Hello all. I am a new member/first post/Trailhawk owner-to-be. My wife and I did Big Bend Ranch (BBR) last year in a loaner Subaru Outback while my POS 2012 Impreza was in the shop getting a full transmission change. That trip is probably the biggest reason I will be picking up a Trailhawk...
The drive started from Houston at 2:00 a.m. and we finally reached the dirt road to get to BBR around 3 in the afternoon.
Note: If you want to see some really cool scenery that seems completely out of place, make sure you drive the River Road on your way there or on the way back. We did it on our way out hoping to catch a trip in to Big Bend National, but it was still closed due to the government shutdown (a whole 'nother nightmare of a story for another time). It is like you are in another country.
Anyway, we took the route in from the west to get to the Sauceda station. That route is a nice and hilly maintained dirt road. No problems. Once there we picked our site according to the ranger's recommendation. We went for a 2WD high clearance (supposedly stock SUV minimum) at the La Mota 2 site. I am glad we at least had all wheel drive. There are a lot of VERY sandy washes and legitimate hills to climb. We were able to negotiate all of them except for one relatively steep wash that caught my front end and got us thoroughly stuck on a stack of partially buried large but thin stacked rocks. Armed with nothing but a cat-hole shovel (the minimalist in me got a stern talking to after that one), we spent an hour digging the rocks out. It was less than fun. We freed the now apparently ridiculously long nosed SUV up and made some adjustments to the trail to get up the hill. We managed and moved on. However, it was now 5:30 p.m. and sunset was ~5:40 so the rest of the trail sucked as we semi-guessed our way up hills with the poor light ahead and the sun gleaming in our eyes. That was particularly crappy with our headlights pointing down heading into short washes with a constantly redirecting trail (so THAT'S what flood lights are for?!?!). We finally got where we needed to be after sundown and set up camp at what turned out to be a pretty excellent site. We set up our fire and stared at a gorgeous and clear Milky Way cloud stretched across the sky. The perfect redemption for a **** of a long day.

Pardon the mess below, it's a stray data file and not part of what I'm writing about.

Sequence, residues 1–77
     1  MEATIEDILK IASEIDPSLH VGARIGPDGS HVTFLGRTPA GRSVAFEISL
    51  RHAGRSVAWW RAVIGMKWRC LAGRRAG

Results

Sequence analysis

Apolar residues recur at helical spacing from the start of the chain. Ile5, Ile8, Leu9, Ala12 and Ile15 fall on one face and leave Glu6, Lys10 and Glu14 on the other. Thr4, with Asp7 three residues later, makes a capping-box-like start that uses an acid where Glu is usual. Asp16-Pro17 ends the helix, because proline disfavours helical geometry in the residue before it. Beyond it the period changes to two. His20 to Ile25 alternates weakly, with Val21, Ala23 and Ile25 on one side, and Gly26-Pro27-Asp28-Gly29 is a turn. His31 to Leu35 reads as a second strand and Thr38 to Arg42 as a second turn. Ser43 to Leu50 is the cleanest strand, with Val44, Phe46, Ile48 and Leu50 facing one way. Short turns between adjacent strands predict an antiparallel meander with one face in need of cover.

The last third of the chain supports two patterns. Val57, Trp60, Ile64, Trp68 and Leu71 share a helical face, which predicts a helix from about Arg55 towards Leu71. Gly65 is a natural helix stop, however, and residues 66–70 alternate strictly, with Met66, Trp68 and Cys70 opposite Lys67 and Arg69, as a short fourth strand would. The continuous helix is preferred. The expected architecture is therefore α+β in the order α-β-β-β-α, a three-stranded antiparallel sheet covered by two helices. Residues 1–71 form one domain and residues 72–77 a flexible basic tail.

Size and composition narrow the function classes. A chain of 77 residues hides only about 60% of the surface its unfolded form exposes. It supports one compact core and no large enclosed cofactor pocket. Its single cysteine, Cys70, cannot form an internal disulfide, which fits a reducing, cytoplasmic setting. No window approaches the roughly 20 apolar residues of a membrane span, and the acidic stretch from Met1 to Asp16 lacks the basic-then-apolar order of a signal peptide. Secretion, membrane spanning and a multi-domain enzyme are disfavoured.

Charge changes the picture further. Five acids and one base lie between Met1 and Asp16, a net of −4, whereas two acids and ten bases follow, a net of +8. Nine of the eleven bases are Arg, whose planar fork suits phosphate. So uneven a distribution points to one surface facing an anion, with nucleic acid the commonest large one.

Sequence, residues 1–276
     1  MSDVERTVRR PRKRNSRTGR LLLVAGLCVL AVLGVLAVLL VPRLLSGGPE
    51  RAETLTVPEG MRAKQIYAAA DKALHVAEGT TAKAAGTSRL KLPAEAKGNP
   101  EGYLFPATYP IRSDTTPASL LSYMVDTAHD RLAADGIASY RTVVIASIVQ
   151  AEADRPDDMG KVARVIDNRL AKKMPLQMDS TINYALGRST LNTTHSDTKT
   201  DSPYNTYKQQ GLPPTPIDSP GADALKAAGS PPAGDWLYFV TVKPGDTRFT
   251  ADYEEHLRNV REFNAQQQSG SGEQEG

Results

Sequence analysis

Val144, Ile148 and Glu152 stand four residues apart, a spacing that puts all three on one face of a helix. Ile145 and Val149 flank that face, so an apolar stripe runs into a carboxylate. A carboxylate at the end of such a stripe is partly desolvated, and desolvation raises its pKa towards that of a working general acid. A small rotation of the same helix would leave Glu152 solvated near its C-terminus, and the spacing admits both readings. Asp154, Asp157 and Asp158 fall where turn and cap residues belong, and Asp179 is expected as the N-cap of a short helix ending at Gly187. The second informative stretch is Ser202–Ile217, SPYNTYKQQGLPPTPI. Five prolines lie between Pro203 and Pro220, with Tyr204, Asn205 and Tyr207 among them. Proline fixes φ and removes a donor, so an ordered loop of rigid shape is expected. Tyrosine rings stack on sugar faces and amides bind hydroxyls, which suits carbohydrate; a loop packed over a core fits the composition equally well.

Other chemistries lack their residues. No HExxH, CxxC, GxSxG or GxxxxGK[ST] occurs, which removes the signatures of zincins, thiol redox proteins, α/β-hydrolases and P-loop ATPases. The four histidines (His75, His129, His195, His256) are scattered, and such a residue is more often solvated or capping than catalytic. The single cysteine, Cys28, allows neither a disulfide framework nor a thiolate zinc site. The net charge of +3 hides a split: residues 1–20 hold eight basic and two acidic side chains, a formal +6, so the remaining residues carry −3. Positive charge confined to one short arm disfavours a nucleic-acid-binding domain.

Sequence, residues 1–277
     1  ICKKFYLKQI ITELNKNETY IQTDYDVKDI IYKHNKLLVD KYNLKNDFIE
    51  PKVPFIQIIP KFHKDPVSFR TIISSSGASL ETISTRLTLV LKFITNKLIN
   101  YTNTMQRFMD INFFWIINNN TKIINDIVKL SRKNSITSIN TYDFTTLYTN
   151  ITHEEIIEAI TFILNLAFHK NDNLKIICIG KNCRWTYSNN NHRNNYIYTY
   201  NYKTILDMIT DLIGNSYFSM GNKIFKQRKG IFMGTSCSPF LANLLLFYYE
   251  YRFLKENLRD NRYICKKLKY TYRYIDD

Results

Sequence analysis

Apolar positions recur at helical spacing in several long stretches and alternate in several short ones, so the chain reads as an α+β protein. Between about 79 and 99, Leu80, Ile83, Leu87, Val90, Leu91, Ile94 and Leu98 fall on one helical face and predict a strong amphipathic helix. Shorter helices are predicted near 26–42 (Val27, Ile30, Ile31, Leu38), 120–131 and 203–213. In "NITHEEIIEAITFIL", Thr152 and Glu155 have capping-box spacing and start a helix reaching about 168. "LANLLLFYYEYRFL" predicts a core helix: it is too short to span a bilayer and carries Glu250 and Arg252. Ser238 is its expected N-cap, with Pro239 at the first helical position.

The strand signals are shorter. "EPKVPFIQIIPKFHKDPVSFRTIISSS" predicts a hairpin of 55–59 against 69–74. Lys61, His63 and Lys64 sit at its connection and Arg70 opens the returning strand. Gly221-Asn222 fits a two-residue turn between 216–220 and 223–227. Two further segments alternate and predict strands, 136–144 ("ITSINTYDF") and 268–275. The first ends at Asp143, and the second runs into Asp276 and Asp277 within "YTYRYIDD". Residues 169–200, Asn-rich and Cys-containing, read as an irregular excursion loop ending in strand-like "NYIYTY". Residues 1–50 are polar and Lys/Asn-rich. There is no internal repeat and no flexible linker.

The next day we made our way east to the epic trail. We stopped where it said 4x4 high clearance recommended and hiked on from there... I am glad we did. This isn't an extreme off-roading area. There weren't any spots where it looked like you would be at a high threat to roll or anything, but it would be very easy to puncture tires and/or get stuck especially if weather was not as kind as it was to us (sunny all day every day with a good amount of wind). And if you get stuck out there, you better have an able comrade or some hiking/camping material, because it is a long and lonely trip back to the station. We happened to be there the weekend that a man and woman got lost causing a full on search and rescue mission that lasted 4 or 5 days. Which reminds me, make sure you have plenty of fuel. We got through on a tank, but the outback is a far cry from a guzzler and we didn't do a lot of driving. Cell phone reception is pretty much non existent. We had two-ways to get the job done when we were off on our own thing but don't expect much range with the hills and mountains.
All things considered, the park is beautiful and fun, but desolate and must be taken seriously especially if you are not experienced. The approach and departure angle on the trailhawk will serve you well and the 4x4 will alleviate some anxiety in the washes. I would imagine the 4 cylinder will not like a lot of the hills, though. Keep that in mind if you decided to save some money. I will most certainly be going back once I get the Trailhawk. Please share your experience if you do go. I am particularly curious about how the stock tires perform with all the puncture hazards.
Good luck and happy trails.